During the fourth reading time, the level of WORD 1 is set to VWD2. The threshold value of CH1 is equal to VT1. Consequently, the current flows through the memory cell, and the judgement becomes the ON state.

Next, during the fifth reading time, the level of WORD 1 is set to VWD 1. In this case, the gate voltage is higher than the threshold value of CH1. Thereby, the current flows through the memory cell, and the judgement becomes ON state.

Subsequently, the level of WORD 1 is set to VWD0 during the sixth reading time, no current flows through the memory cell because the CH1 portion is cut off. Therefore, the judgement becomes the OFF state during the sixth reading time.

Thus, the level of the WORD 1 is fixed to VWD3 between the first reading time and the third reading time, and the level of WORD 2T is gradually changed.

Conversely, the level of WORD2T is fixed to VWD3 between the fourth reading time and the sixth reading time, and the level of WORD 1 is gradually changed.

As illustrated in FIG. 16, the output data is assigned for the judgement results during the first through sixth reading times. Thereby, the 4-bits data is stored for one memory cell.

As mentioned above, when the memory cell is used in this embodiment, the number (NTV) of the threshold values and the voltage switching number (GNW), which must be set to the memory cell having the multi-value n, are represented by the following equations (5) and (6).

NTV=n  (5)

GNW=(NTV−1)×2  (6)

Thus, the number (kinds) of the threshold values can be reduced as compared the conventional case when many informations are stored for the one memory cell according to this invention.

Further, the information can be read out with the gate voltage switching number smaller than the conventional case. Consequently, a high-speed operation is possible. As a result, as the multi-value number is higher, it is more advantageous.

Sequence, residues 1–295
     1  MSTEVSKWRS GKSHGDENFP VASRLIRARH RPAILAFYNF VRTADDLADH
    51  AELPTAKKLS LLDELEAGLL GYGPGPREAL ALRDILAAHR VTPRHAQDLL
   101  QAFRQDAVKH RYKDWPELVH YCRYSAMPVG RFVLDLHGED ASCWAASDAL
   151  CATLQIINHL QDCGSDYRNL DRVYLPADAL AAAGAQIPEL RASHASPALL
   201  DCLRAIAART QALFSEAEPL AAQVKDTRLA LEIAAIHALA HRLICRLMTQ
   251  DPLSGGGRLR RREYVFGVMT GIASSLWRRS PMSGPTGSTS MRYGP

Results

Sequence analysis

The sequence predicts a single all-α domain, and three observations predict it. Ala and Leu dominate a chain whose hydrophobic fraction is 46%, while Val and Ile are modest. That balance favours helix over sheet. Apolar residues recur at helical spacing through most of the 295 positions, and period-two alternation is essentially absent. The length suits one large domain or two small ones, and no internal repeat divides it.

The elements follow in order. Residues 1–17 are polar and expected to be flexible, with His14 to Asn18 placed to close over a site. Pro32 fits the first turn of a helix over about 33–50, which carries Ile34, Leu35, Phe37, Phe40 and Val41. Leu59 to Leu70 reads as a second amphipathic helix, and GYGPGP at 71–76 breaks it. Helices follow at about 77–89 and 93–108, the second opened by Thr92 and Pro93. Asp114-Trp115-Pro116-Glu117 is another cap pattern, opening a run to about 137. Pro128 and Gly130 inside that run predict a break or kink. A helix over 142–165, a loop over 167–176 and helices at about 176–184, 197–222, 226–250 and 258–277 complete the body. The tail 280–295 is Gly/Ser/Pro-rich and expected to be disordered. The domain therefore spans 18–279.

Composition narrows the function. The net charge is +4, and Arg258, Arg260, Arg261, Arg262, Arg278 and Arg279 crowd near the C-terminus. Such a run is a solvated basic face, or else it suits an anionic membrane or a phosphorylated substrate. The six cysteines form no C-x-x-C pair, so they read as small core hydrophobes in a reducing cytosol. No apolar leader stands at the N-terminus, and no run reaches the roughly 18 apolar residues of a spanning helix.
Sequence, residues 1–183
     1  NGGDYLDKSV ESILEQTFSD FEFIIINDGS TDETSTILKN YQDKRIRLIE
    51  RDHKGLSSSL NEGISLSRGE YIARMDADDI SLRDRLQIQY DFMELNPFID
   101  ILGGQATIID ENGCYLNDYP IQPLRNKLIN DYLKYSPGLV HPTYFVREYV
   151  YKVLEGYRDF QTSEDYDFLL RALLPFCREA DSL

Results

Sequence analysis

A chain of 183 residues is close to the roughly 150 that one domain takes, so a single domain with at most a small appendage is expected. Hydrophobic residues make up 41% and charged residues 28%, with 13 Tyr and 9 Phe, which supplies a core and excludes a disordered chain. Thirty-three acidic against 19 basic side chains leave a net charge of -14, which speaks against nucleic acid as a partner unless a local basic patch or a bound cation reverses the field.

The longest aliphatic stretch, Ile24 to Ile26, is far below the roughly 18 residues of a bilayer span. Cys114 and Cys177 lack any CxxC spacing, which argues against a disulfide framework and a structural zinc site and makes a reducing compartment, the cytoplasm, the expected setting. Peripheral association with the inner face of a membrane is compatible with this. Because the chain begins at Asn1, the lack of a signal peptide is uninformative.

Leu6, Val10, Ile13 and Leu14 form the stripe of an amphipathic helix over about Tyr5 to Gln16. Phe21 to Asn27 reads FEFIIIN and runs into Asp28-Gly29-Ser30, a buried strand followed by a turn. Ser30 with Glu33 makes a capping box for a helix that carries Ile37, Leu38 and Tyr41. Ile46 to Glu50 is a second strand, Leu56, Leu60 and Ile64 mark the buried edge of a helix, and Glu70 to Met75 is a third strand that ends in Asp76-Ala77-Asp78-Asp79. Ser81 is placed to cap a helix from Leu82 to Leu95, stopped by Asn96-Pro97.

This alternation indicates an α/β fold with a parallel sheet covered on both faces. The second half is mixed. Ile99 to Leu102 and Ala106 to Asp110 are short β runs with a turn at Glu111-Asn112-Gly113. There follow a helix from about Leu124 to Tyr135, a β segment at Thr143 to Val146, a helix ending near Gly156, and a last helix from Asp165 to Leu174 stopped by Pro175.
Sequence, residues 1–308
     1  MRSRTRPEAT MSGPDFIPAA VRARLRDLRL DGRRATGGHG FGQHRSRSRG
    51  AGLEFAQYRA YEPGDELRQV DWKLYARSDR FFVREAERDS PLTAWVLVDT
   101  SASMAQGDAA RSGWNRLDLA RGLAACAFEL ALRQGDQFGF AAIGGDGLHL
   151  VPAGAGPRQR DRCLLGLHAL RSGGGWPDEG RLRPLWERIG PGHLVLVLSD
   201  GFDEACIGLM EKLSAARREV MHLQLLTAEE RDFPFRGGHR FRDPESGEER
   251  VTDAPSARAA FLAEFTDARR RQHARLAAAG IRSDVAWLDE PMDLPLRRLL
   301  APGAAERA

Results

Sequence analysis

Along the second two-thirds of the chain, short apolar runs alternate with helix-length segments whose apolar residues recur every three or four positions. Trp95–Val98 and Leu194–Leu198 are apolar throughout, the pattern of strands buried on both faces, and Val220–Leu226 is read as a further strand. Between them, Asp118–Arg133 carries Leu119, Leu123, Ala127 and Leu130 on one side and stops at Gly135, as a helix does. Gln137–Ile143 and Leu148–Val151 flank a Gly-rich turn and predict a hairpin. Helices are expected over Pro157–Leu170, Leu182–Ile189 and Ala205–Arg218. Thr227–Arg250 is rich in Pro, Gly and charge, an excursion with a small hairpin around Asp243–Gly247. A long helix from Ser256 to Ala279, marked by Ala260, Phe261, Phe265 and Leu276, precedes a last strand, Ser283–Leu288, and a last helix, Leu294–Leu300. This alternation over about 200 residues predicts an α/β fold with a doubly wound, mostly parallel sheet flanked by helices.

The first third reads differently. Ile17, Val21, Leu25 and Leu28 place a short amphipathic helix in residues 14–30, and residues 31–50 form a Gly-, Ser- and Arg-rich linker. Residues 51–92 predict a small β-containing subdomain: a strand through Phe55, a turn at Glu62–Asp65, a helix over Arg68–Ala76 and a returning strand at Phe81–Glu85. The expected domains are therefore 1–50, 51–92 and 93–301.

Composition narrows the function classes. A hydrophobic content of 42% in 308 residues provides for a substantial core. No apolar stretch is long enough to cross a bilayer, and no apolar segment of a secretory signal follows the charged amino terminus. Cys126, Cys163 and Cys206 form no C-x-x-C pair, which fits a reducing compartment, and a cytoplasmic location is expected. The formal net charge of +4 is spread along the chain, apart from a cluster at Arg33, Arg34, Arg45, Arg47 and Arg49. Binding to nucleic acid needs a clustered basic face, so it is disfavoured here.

Moreover, the memory cell can be electrically cut off from the adjacent memory cell during a reading operation. In consequence, the circuit device, such as the pre-charge circuit and the GND selector can be eliminated or omitted.

In addition, the current pass towards the adjacent cell portion is always cut off. Thereby, the charge current does not flow for the diffusion layer capacitor except for the diffusion layer selected via the adjacent memory cell. Consequently, the memory cell can always and stably be operated.

While this invention has so far been disclosed in conduction with several embodiments thereof, it will be readily possible for those skilled in the art to put this invention into practice in various other manners.

Patent Citations
Cited PatentFiling datePublication dateApplicantTitle
US4622656 *Dec 15, 1983Nov 11, 1986Seiko Instruments & Electronics Ltd.Non-volatile semiconductor memory
US5231299 *Mar 24, 1992Jul 27, 1993International Business Machines CorporationStructure and fabrication method for EEPROM memory cell with selective channel implants
US5554553 *Jun 6, 1995Sep 10, 1996Harari; EliyahouHighly compact EPROM and flash EEPROM devices
Classifications
U.S. Classification257/314, 257/315, 257/E27.102, 257/E21.672, 257/316
International ClassificationG11C17/18, G11C17/12, G11C16/04, H01L27/112, G11C11/56, H01L21/8246, G11C16/00
Cooperative ClassificationG11C11/5642, G11C16/0475, H01L27/112, H01L27/1126
European ClassificationH01L27/112R2D4, G11C16/04M2, H01L27/112, G11C11/56D4